The women fare equally well in Sarah Lynne Nowak’s Donna/Oolie  and Emily Tyrybon’s Alaura/Carla. Both have terrific stage presence and voices to match.

Bruce Hardcastle turns in an energetic performance as Buddy/Irwin. In a role that threatens to carom out of control on each turn, it doesn’t, and remains funny and consistently on character throughout. Other supporting players range from great (the quartet) to good. There are a few missed notes here and there by supporting players, but nothing that distracts from the overall skill level of this adept cast.

The set looks great and works well with it’s split level design, the show moves rapidly from scene to scene and set changes don’t miss a beat, and the lighting is appropriately bright and colorful for color-scenes and moody and shadow-strewn for the Black and White “movie” scenes. What originally seems a bit murky and dark in the opening sequences eventually establishes a visual design that just plain old works as the show progresses.

That it all hangs together so well, and so cleanly, is the wonderful work of director/choreographer Stephanie L. Stephan. She understands that this is a difficult story to follow, and directs with large, masterful strokes that allow the audience to easily follow the action on stage. No mean feat, considering the many plot turns, and the stage-convention of switching back and forth from real-life to alter-ego movie action throughout using the same actors. This was achieved on Broadway through miraculous (and at that time ground-breaking) instantaneous ability to drain color out of sets and costumes through lighting and paint technique. Here it is up to the director to make it work, and it works terrifically.  This is a very difficult musical to design and produce, as other theaters can attest, from the passable production at University of Michigan a few seasons ago, to the disastrous Ann Arbor Civic Theatre production many years ago. Make no mistakes, this current production is in a league of its own. Congratulations.

The script and lyrics are smart and funny, with enough suspense thrown in to make it all work. I saw the production in its original Broadway run several times, and it becomes smarter and wittier with each viewing. Mix-in the tremendous musical score, the great performances, and swirl it all around by a top notch director and crew, and you have a tasty, jazzy, funny musical comedy treat at Croswell Opera House this summer, my favorite by far of this season’s offerings — not just at Croswell, but anywhere regionally this summer.

City of Angels continues this weekend and next weekend. Tickets at croswell.org or 517-264-SHOW(7469).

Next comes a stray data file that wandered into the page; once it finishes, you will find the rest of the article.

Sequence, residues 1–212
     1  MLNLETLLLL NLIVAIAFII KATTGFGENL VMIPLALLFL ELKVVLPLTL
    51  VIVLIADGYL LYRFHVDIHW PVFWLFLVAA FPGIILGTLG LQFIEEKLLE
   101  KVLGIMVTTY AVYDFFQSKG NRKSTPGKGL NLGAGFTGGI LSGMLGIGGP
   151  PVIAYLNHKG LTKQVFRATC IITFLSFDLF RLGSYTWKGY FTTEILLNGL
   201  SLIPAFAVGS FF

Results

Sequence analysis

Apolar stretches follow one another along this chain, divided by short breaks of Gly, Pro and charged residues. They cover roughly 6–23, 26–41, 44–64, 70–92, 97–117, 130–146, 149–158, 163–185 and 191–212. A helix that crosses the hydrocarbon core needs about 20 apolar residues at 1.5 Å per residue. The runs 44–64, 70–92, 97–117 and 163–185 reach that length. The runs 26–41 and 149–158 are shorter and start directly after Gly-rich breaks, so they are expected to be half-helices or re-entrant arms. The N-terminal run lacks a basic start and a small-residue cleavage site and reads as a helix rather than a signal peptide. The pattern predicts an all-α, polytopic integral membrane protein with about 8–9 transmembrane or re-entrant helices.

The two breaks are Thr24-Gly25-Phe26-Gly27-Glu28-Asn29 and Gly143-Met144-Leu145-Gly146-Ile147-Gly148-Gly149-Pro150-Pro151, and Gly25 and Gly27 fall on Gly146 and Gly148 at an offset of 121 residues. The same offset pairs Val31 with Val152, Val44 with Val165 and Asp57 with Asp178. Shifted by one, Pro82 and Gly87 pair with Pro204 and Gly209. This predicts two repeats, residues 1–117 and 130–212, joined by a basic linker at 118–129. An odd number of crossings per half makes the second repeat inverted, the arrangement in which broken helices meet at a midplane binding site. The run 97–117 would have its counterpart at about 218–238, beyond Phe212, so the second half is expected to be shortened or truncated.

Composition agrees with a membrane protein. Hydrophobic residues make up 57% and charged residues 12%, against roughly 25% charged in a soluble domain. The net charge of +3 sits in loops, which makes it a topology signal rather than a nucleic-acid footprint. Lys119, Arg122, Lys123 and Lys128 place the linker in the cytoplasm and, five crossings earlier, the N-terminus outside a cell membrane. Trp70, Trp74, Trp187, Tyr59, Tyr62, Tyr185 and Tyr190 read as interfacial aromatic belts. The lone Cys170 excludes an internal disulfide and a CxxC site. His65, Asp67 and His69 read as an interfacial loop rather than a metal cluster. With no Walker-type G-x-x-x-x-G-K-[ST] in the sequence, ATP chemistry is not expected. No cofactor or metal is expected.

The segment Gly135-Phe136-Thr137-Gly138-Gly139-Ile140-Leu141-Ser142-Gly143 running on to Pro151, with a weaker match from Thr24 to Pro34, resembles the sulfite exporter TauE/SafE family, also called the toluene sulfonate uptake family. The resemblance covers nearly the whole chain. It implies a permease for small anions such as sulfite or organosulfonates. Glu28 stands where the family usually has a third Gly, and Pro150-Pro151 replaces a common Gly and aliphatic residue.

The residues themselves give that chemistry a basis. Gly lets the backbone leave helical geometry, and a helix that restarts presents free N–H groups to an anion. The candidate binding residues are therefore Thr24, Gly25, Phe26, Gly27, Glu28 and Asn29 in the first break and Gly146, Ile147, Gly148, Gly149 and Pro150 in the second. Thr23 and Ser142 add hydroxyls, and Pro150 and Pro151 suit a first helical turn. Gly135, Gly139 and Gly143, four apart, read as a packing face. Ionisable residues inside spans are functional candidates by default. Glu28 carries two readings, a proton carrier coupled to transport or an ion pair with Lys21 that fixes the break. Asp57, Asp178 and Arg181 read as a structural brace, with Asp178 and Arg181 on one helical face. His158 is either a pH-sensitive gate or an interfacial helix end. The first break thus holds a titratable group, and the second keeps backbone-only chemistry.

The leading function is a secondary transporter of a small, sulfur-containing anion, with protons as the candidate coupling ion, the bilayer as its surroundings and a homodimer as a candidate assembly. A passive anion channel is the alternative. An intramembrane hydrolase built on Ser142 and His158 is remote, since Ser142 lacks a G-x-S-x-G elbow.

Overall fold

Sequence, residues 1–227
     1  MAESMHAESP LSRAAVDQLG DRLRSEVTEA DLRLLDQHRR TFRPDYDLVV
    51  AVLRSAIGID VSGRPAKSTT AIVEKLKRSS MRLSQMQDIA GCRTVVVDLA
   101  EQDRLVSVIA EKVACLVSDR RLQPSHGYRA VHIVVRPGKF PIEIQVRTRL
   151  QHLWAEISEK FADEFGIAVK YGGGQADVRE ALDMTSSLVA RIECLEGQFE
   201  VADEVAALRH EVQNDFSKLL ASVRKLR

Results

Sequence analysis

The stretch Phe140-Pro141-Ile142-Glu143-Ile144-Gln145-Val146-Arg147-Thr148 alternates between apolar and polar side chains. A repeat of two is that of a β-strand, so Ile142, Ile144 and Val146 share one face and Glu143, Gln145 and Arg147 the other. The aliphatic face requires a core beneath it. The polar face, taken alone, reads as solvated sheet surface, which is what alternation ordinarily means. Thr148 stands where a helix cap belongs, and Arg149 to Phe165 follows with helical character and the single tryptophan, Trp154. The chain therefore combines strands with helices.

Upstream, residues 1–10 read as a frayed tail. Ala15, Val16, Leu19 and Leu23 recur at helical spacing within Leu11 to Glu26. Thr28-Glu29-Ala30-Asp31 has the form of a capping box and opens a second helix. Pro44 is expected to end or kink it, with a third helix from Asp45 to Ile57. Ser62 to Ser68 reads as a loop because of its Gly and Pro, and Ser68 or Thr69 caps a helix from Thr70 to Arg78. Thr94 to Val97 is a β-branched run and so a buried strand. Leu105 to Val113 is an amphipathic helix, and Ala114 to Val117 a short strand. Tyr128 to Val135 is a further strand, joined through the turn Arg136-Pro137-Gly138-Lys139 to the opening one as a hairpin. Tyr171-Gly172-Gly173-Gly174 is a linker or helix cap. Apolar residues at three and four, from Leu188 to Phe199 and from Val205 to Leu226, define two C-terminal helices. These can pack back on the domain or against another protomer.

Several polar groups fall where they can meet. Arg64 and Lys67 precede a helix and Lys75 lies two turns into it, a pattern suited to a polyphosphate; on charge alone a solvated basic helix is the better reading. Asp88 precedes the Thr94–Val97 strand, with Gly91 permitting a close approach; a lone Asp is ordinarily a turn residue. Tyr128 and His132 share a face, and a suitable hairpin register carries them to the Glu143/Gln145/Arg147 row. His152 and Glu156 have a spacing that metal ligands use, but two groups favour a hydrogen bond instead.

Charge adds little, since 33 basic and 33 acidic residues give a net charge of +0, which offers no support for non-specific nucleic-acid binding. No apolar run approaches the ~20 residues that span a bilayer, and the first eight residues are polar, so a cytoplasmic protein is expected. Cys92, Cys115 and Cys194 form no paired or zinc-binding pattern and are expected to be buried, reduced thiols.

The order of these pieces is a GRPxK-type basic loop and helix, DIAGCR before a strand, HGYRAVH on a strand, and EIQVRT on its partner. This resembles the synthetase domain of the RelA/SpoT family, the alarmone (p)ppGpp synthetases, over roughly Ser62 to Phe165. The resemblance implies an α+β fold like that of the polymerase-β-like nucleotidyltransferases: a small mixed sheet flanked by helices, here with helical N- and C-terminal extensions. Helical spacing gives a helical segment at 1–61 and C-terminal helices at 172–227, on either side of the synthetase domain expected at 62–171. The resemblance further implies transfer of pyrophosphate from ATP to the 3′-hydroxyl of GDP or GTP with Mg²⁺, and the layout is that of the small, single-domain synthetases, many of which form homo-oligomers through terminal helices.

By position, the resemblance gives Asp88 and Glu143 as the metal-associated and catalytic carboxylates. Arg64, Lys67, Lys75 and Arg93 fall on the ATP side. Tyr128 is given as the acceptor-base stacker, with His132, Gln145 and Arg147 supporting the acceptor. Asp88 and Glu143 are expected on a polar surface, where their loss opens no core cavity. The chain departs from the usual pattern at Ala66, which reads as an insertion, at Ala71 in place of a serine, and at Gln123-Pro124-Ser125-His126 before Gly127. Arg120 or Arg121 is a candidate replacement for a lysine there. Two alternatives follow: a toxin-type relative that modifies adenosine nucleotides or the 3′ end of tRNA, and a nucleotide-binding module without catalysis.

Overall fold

Encore’s “Little Shop of Horrors” is a Tasty Early Summer Treat June 5, 2009

Posted by ronannarbor in Entertainment, Theatre.
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Getting better and better with every show, Encore Musical Theatre Company in Dexter, MI opened a terrific production of Little Shop of Horrors tonight. Funny, well directed, well performed, and well designed, Little Shop is an early summer treat.

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Steve DeBruyne plays Seymour to nerdish perfection, and I can’t say enough good things about Sarah Litzsinger’s Audrey, who touches all the right notes in a fine performance. A running gag of her facial expressions bring some of the biggest laughs of the night, and her “Somewhere That’s Green” is a study in reserved character craftsmanship. Brava. The entire cast is consistently good, with Paul Hopper (Mushnik) and Jedd Nickerson (Orin) also turning in strong performances.  This is a great ensemble cast.

Special kudos to Michael Lanning, who voices Audrey II with menace, humor, and just the right touch of potty mouth. The coordination of the puppets with his voice is well done. The plant itself, by the way, is terrific. This is the Broadway plant, not designed locally, but imported from New York. It’s a bit cramped in the Encore Space, but it’s a beautiful thing to see it take on a life of it’s own as it grows ever larger (and funnier).

Leo Babcock has designed a terrific set for the show. It works well throughout the production, and looks just right in the small Encore space. Leo has done some beautiful black box theatre work over the years, and his talent and experience shows in this tight and just-right set design.

This is the first show at Encore that has a band that plays in tune, and the blend between them and the cast is just right. Barbara Cullen’s direction and choreography are again good, and she well understands that this work is best directed underplayed to allow the jokes and characters to drive the story without needless overacting. She gets fine performances out of her actors, and the stage pictures look terrific throughout the show.

There were a couple glitches on opening night, nothing that seriously distracted from the overall experience, and which will be ironed out as the show finds its pace and timing. Most notably, there were several missed lighting cues, and some strange spotlight work. And the theatre is still in need of a donation of a tv monitor system so that the actors can see the conductor who is backstage. By the way, Encore — PAINT that air conditioning ductwork black!

This is a high-energy night of theatre, and it’s highly recommended.

Congrats, Encore!